Tips for walking to improve runs

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Walking tips to improve runs

Many runners look down on walking, but the truth is that walking can benefit runners. From helping with active recovery to placing less impact on the joints and building strength, walking is great for runners. Walk breaks during runs are a great way to recover and walking on its own can give the body a break from the high impact of running while still providing the opportunity to move. In today’s newsletter we share walking tips to help with your run.

Why walking improves your running

Running isn’t the only way to boost endurance. A brisk walk offers similar benefits to a run, and most people can walk farther than they can run. Walking improves cardiovascular health and gives you active time on your feet while building leg strength and increasing lung capacity.

Walk breaks during runs allow you to catch your breath, rest your legs and reduce the pounding on your muscles, tendons and joints. Running is a high-impact exercise. It takes a long time for body parts to be tough enough to handle thousands of high impact steps. By walking methodically in between short minutes of running, you can get 2-3 times as much aerobic exercise in a far more gradual and gentler way, allowing you to progress faster than if you just run as long as you can all at once.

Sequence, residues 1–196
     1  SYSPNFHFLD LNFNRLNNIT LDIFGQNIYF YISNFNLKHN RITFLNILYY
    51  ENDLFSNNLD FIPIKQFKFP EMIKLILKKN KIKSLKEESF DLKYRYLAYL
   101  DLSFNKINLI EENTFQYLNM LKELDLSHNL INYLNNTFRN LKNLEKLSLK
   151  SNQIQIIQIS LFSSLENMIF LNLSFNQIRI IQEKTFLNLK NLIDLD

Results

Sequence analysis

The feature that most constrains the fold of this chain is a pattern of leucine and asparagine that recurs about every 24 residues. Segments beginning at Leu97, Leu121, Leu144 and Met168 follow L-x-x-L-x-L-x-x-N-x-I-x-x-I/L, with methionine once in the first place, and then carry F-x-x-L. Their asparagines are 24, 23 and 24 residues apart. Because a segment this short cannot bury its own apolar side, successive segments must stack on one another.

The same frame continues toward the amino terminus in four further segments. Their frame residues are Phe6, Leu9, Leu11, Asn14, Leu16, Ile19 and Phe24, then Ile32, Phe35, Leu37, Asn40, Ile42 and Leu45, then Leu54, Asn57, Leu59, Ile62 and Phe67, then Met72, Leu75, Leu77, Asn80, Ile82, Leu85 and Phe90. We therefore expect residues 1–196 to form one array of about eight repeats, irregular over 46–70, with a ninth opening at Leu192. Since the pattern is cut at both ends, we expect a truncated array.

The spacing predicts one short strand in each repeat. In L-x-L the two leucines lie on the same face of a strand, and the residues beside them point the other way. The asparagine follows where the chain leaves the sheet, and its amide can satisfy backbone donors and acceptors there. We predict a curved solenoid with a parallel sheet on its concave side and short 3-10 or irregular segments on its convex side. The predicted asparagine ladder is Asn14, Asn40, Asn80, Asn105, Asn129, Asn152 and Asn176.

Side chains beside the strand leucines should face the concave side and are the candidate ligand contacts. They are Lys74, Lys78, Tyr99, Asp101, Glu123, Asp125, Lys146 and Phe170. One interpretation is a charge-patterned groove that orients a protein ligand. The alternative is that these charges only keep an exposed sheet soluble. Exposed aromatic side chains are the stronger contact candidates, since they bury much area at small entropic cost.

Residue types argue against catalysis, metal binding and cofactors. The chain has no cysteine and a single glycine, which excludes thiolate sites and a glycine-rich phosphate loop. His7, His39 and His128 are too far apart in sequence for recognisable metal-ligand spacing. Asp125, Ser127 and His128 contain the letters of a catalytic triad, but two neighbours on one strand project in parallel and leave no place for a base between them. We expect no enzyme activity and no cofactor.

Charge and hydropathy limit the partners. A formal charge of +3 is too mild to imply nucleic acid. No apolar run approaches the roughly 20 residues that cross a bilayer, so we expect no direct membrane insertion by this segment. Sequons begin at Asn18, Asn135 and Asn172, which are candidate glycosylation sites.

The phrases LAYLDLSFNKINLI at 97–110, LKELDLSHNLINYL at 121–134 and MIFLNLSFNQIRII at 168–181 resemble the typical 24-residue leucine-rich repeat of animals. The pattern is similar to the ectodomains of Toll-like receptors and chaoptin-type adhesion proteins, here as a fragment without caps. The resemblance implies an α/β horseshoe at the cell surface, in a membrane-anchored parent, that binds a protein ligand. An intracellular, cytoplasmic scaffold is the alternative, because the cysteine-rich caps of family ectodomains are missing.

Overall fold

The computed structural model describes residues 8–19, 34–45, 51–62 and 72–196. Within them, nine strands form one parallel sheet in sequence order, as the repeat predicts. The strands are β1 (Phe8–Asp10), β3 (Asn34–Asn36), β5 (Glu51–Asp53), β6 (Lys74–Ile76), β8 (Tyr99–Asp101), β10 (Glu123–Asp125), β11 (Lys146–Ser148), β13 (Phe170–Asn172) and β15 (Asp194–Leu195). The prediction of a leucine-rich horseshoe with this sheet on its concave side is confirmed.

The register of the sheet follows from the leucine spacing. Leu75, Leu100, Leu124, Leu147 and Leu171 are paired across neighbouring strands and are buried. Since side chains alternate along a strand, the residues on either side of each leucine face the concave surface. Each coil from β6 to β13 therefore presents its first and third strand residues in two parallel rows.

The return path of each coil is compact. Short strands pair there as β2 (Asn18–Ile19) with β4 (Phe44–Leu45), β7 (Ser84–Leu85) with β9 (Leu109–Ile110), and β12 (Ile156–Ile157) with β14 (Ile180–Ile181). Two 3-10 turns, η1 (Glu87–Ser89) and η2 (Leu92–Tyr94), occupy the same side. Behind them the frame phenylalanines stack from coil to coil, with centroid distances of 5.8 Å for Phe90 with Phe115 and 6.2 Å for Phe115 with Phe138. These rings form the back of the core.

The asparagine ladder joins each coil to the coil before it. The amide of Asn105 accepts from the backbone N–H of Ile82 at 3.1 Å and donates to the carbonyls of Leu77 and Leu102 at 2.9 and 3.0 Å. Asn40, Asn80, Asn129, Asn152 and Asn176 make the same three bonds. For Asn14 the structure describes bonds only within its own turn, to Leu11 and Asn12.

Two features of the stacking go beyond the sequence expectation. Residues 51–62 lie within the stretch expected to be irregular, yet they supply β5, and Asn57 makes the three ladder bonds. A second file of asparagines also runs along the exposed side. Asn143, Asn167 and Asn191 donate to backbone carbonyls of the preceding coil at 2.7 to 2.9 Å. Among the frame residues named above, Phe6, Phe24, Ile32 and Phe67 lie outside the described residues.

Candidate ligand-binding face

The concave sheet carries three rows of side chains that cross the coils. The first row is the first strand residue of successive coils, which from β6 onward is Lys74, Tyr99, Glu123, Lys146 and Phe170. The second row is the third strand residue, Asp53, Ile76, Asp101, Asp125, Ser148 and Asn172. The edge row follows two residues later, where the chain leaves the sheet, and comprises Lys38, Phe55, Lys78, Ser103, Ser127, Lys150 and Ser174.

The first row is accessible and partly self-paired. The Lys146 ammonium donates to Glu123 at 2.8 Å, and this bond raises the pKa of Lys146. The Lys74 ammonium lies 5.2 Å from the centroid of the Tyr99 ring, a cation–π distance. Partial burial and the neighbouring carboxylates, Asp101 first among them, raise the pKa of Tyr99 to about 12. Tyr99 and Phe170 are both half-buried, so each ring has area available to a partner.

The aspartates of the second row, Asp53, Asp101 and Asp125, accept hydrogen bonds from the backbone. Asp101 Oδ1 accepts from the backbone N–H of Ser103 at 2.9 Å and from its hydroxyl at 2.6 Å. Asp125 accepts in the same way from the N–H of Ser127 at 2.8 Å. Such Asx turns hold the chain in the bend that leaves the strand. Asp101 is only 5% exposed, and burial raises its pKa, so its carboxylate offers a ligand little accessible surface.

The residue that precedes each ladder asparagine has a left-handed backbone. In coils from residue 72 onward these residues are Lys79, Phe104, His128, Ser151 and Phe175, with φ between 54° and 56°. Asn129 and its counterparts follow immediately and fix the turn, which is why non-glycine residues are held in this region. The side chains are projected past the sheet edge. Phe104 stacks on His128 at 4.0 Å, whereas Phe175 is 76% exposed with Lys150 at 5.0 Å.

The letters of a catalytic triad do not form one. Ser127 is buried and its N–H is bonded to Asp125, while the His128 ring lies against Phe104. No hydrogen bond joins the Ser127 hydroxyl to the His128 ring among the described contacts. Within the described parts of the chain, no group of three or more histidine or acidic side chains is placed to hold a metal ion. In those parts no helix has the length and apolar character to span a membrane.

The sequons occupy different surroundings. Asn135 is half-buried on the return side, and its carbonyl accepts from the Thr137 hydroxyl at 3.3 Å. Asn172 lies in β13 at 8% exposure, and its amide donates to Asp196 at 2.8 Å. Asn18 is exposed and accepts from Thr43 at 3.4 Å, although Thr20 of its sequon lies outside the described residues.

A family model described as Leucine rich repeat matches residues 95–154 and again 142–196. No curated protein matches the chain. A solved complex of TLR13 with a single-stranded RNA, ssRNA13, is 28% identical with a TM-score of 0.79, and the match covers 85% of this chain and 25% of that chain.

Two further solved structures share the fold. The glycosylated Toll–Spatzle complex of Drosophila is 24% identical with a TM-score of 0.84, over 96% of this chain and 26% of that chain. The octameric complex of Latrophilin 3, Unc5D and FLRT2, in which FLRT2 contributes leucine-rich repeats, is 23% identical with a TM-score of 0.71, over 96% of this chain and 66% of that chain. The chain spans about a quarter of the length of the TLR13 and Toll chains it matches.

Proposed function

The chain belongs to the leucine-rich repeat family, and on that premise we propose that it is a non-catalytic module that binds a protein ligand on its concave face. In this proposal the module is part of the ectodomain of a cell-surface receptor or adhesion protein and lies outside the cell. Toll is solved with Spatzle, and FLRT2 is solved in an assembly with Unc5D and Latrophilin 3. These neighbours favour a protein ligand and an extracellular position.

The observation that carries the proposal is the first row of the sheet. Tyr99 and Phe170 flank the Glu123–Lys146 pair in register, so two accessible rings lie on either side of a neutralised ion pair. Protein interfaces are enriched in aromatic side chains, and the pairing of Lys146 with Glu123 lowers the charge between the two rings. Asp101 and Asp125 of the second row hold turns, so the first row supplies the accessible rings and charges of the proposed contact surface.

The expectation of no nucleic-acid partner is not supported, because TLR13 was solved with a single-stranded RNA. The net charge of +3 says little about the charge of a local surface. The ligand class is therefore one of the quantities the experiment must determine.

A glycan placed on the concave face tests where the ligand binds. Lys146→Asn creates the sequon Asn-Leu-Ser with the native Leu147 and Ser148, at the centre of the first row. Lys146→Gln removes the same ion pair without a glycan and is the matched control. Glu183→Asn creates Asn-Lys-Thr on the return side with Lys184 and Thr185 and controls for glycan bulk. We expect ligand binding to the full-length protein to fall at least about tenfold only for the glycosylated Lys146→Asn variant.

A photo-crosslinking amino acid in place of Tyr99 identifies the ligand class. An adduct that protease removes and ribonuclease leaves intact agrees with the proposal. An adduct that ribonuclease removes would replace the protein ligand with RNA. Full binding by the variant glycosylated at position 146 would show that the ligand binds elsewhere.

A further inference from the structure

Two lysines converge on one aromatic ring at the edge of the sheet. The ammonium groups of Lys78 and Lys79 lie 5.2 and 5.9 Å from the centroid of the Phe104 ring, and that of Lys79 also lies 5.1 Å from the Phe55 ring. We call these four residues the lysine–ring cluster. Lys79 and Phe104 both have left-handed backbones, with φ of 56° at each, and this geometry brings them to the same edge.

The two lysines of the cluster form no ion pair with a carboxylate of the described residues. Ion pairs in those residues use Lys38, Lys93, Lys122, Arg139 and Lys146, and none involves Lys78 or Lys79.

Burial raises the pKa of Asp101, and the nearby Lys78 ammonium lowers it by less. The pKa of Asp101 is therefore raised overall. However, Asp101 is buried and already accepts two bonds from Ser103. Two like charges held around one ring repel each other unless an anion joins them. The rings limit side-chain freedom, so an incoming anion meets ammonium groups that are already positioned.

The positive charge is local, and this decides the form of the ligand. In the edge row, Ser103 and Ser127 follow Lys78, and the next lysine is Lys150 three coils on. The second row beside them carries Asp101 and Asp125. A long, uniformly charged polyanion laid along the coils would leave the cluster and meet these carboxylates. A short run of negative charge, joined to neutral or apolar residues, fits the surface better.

5 walking tips to improve your runs

  1. Do a 10-minute walk at the end of your speed workout to help you cool down and give your muscles a recovery boost.

  2. Add recovery walks on days after hard workouts like long runs or speed workouts. Walk for 20- to 30-minute as active recovery from hard running days to get blood circulating and reduce muscle soreness and joint stiffness.

  3. Walk and lift weights for cross-training. Lift weights then go for a 20- to 30-minute walk to get in a cardio workout that complements your strength training.

  4. Do run walk intervals. If running for a mile straight sounds intimidating, don’t worry. Run-walk intervals are a proven method to beginning a lifelong habit of running. Run-walk intervals are simple to do. Divide a 20-30 minute run into short repeats of running and walking. The length of the run intervals and walk intervals depends on your current level of fitness. Those new to exercise may start with 30-60 seconds run, 1-minute walk while people with a good fitness base can start with 2-4 minutes of running and 1 minute of walking.

  5. Walk more in daily life. Add more walking to daily life by walking your dog , taking the stairs instead of the elevator, and walking to do errands. Setting a daily step goal can help you stay on track with your daily walking activity.

How walking can help you run

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